Sunday, April 22, 2018

#NPM18 - 23/30 - sermon



April is #NPM18 - National Poetry Month.

"Wanted: a needle swift enough to sew this poem into a blanket."
 ~Charles Simic
           
         Be sure to see the page on the bar above for the Progressive Poem's schedule of poets, hosted by Irene Latham at Live Your Poem.  
        And, see what many are doing for Poetry Month, by looking HERE at Jama Rattigan's post at Jama's Alphabet Soup.
          
              My goal for Poetry MonthA haiku diary that may include other forms related to haiku, like haibun, haiga. monoku or renga. My first poem speaks of why I am handwriting the poems.

April’s garden,
growing poems 
on lined pages
                    Linda Baie
links:
       Poem one
       Poem two
       Poem three 
       Poem Four
       Poem Five
       Poem Six  

       Poem Seven
       Poem Eight 
       Poem Nine 
       Poem Ten
      Poem Eleven
      Poem Twelve
      Poem Thirteen
      Poem Fourteen
      Poem Fifteen
      Poem Sixteen 
      Poem Seventeen
      Poem Eighteen
      Poem Nineteen
      Poem Twenty

      Poem Twenty-One
      Poem Twenty-Two

Here is  poem twenty-three:


#IMWAYR - Sharing Favorite Books

          Visit Jen at Teach MentorTexts and Kellee and Ricki at UnleashingReaders to see what they've been reading, along with everyone else who link up.  

         I finished this adult book last week. If you're interested, you can find my review here on Goodreads. In light of the NY Times article sharing that fewer and fewer know of the Holocaust, and some don't believe that it really happened, I continue to read of this time, will pass my knowledge on, will not forget!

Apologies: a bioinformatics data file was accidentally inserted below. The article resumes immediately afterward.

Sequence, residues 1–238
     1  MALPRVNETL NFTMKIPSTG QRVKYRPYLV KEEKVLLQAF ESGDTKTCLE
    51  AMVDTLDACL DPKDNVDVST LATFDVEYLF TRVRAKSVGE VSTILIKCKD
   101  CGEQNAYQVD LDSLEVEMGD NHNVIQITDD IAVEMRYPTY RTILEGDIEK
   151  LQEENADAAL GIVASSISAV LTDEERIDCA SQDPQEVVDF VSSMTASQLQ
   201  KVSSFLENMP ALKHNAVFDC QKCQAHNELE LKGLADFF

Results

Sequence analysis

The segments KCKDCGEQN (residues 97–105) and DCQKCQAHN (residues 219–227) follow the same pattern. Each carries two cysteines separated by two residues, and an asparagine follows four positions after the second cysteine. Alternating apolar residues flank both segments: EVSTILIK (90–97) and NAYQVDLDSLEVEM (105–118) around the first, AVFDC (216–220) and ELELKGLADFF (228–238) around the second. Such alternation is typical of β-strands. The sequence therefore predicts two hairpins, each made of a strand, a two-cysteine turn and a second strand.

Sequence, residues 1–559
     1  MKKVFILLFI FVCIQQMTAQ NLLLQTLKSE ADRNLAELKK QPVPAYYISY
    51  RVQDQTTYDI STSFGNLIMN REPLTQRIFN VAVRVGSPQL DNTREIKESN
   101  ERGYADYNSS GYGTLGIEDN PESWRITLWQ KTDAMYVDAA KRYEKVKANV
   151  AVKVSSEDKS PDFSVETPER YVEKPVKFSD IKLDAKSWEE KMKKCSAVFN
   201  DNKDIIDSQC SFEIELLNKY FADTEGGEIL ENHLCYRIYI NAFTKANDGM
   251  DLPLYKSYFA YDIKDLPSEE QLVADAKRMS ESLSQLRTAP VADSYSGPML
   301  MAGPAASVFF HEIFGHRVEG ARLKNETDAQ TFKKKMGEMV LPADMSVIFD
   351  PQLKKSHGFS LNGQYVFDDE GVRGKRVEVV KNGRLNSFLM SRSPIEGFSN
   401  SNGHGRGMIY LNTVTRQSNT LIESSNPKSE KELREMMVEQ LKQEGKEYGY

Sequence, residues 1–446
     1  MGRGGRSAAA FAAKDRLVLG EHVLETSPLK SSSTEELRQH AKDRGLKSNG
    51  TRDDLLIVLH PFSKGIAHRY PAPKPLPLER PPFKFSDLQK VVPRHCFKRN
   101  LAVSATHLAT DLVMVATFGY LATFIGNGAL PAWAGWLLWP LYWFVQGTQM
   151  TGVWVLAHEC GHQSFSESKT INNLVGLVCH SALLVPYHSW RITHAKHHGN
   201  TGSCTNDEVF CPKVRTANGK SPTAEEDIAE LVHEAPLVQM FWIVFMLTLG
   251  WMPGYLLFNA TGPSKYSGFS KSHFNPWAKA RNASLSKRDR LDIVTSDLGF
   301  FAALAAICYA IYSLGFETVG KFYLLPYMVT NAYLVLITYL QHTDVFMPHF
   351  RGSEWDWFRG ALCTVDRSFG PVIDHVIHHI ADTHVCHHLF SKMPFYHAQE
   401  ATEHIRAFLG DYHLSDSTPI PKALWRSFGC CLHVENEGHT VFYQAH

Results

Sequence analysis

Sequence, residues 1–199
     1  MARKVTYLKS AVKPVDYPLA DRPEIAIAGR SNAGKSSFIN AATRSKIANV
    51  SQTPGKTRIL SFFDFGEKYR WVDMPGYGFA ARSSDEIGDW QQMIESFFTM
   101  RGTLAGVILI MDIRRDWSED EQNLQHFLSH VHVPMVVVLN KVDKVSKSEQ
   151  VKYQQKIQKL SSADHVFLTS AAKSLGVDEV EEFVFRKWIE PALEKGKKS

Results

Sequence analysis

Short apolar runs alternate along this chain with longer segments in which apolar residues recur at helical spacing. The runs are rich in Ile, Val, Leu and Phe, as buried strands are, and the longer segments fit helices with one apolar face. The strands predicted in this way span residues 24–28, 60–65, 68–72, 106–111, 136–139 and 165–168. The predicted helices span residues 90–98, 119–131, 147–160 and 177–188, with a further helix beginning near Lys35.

I managed to read other wonderful books best for children, too. Here are a few I want to share!



          This is a story that one must experience, as it tells in one passage, "how one thing can be lots of other things. All it takes is a little imagination." It's been a while when a book brought tears at the end, and this one, out May 1st, did. Livy, ten, has come back to visit her grandmother in Australia, has not been there for five years. She keeps thinking that there's something important she's forgotten from the earlier visit. And there is, a green-faced creature, a zombie?, is hiding in her bedroom closet, and neither one knows who he is or where he might be from. His name is Bob. It's up to him and Livy to figure out the mystery and along the way, other questions about life. Thanks to NetGalley, I had the pleasure of reading this a little early. Wrapped up beautifully using part of background stories in magical water creatures, Rebecca Stead and Wendy Mass have written a story that will fascinate children and offer a satisfying smile, maybe tears too, at the end. 
             Illustrations by Nicholas Gannon show just enough scenes to aid the imagination.

               A lovely young girl examines the colors in her life, questioning the differences in the blue of the sky and the sea, yet when she lets water go through her hands, it's clear. Pages hold her imaginative wonderings in beautiful illustrations by Jillian Tamaki. It's a book to savor and talk about with children, connecting to the colors in their world, too.

         Wow! I see what so many are praising, this beautiful book and story where a young girl has an assignment to write a description from where she came. However, she left that place, an island, when she was a baby, and remembers nothing. She asks family, friends and neighbors about the island, discovers it is full of color: cars, houses, flowers and a rainbow of people! She finds that the "beaches are poetry", of dolphins and surfing whales. She discovers a lot! The ending is one that must be experienced. I loved every bit.